Industrial Internet of Things is commonly abbreviated as IIoT and refers to a network of industrial devices connected by communication technologies.It monitors, collects, exchanges, analyses, and delivers data, providing valuable new data analytical insights to industrial automation. It is at present used explicitly by utility companies, including those specialising in water utility services. Integrating intelligent sensors, networks, data analytics and industry 4.0 technologies, IIoT vastly helps the water industry to execute its responsibilities.
Only 3% of freshwater is suitable for drinking out of 70% of the water on planet Earth. However, given that most of it are frozen in inaccessible glaciers, in reality, there is only 1% of drinking water available for humans, crops, and animals. Hence, since water utility services hold the burden of managing this limited supply amidst the world’s increasing population and the effects of climate change, they constantly need alternatives to store clean water across their regions.
There are currently two possible solutions to this problem, including the identification of exploitation of new water resources (supply-oriented solution) or managing the already available water resources in a feasible manner (demand-oriented solution). While the supply-oriented solution will require more time, the demand-oriented solution can be implemented in the immediate future. Hence, it is in order to better utilise the available drinking water that IIoT is used to build a robust infrastructure.
How does IIoT transform Water Utility Services?
IIoT is at present globally recognised as a worthy investment. According to tdworld.com, its integration into the utility market is expected to grow to USD 53.8 billion by 2024. To understand why IIoT is chased after, you must first consider how exactly IIoT has transformed the water utility services:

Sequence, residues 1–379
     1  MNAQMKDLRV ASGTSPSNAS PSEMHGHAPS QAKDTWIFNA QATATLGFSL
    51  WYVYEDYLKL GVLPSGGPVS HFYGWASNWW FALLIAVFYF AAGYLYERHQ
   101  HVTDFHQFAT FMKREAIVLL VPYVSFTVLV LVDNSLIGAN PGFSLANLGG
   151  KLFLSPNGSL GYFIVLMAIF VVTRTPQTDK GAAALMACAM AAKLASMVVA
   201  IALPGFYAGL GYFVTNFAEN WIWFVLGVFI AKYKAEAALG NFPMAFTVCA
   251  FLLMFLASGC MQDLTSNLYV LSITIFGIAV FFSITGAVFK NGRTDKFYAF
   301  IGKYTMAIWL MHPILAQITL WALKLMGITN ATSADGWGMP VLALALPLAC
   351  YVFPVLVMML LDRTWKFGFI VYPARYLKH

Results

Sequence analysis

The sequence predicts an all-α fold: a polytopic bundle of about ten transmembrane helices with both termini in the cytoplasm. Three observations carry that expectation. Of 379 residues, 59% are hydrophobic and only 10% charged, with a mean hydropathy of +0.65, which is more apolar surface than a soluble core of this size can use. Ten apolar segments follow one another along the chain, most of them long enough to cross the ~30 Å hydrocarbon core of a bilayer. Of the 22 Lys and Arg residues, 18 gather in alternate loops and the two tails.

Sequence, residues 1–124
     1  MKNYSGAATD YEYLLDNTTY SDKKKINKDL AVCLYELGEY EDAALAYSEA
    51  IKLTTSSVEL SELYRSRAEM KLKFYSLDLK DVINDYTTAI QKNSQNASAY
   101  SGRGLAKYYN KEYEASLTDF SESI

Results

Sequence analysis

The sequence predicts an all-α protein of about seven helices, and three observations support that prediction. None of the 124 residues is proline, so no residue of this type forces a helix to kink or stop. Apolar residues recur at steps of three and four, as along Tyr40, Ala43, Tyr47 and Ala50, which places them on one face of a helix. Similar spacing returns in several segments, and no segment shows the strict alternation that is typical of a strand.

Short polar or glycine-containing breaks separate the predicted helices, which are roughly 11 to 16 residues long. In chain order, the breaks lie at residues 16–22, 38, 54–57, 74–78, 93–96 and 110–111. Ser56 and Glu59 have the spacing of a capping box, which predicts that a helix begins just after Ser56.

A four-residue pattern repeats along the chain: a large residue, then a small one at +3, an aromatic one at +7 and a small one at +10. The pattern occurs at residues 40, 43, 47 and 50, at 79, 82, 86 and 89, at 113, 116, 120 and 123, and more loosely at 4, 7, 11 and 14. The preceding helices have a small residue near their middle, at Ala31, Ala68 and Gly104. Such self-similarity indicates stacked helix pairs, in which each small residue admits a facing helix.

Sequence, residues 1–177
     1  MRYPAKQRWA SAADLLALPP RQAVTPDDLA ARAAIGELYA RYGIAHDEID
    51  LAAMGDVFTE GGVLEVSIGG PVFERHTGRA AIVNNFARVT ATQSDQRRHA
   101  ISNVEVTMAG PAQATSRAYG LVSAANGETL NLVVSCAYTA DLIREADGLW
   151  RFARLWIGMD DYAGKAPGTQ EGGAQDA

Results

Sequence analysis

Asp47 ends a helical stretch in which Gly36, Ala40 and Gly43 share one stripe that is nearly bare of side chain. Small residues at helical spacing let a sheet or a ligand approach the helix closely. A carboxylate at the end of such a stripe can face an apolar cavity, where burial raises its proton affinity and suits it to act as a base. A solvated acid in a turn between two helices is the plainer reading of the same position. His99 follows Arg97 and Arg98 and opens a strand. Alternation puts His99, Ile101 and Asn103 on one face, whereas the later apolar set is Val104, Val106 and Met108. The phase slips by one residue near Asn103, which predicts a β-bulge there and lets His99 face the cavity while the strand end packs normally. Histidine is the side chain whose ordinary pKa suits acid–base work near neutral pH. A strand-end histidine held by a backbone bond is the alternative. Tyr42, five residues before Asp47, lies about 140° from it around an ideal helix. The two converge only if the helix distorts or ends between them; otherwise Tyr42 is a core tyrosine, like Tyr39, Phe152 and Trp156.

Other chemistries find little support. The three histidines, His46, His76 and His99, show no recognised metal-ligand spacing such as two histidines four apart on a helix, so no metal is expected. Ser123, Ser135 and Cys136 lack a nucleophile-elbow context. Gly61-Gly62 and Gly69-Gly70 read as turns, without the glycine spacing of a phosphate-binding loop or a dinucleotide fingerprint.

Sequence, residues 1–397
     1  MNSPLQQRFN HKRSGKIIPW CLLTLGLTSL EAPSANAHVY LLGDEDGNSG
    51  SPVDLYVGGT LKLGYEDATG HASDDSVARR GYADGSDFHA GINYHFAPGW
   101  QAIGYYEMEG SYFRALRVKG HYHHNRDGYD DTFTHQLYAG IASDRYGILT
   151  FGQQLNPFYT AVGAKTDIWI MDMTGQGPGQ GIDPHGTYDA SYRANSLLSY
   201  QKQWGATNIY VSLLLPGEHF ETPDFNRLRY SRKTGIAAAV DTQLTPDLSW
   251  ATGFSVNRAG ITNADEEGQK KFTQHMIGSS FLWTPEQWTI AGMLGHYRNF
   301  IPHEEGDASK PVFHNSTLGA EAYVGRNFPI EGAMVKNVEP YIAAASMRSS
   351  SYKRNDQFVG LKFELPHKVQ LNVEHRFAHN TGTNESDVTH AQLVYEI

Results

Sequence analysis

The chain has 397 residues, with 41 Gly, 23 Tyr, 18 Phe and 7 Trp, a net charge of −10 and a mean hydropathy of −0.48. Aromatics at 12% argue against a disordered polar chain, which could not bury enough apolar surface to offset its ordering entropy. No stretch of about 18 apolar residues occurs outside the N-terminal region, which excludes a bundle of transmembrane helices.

Monitor Remotely and Save Resources
Typically your team will have to go to remote installations occasionally and act fast whenever needed. Hence, not only will you need a large workforce if you were to deploy people across remote installations, but you will not know how the installation is doing until one inspects it in person and generates a report. By incorporating IIoT, this process becomes automated and gives you the flexibility to monitor the installation from wherever. For instance, smart sensors can monitor tank water levels in real-time and share information on how much water is consumed in each region. Through this, you can direct your resources to where it is urgently required whilst also managing your supply.
Get Consumers to Conserve Water
As highlighted above, it is pivotal that measures are taken to safeguard the freshwater that is available for human drinking. This great responsibility should not be one that solely rests on the shoulders of water utility companies but must be shared by all humans. One great way of influencing consumers to conserve water is to provide data on how much water is used in their households. Accordingly, one can now monitor their intake using IIoT technology such as smart water meters, a pioneering innovation for countries such as Australia, which faces the risk of water scarcity in the near future.
Wastewater Treatment and Management
Due to the limited drinking water available, getting fresh water every time a tank finishes is not always feasible. Instead, the utility sector has found that the used water should be thoroughly cleaned, and this can be done using IIoT technology. Considering that wastewater treatment and management is a technical process on which the lives of humans depend, it is only through industrial 4.0 technologies that safe drinking water can be guaranteed. The system will thus be able to provide data on the toxic contaminants in the water and help separate them successfully. This is scientifically a far more effective and cost-saving method of ensuring safe water.
Gain more control
What particularly makes IIoT different is the communication between operational technology and information technology. The operational technologies, including processes and industrial control systems, converge with information technologies stored in the enterprise system. By doing so, IIoT provides valuable insights on how you can gain better control of process operations and safety management. This includes, for example, how IIoT is able to provide detailed real-time data in seconds, giving you reliable information to make a decision. At present IIoT is infused with predictive analytics to further warn you of future risks that may occur, ensuring that you provide the correct maintenance for water asset systems.